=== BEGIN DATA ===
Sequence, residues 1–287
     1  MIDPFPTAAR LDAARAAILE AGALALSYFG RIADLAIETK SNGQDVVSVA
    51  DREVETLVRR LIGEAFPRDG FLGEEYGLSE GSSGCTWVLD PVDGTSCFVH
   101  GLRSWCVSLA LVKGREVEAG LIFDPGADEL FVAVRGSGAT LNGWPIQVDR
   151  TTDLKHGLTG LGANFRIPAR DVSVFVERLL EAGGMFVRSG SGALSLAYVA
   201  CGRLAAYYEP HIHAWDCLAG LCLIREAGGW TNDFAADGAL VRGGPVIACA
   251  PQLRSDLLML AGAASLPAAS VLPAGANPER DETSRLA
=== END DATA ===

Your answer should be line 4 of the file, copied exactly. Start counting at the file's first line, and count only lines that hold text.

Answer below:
   101  GLRSWCVSLA LVKGREVEAG LIFDPGADEL FVAVRGSGAT LNGWPIQVDR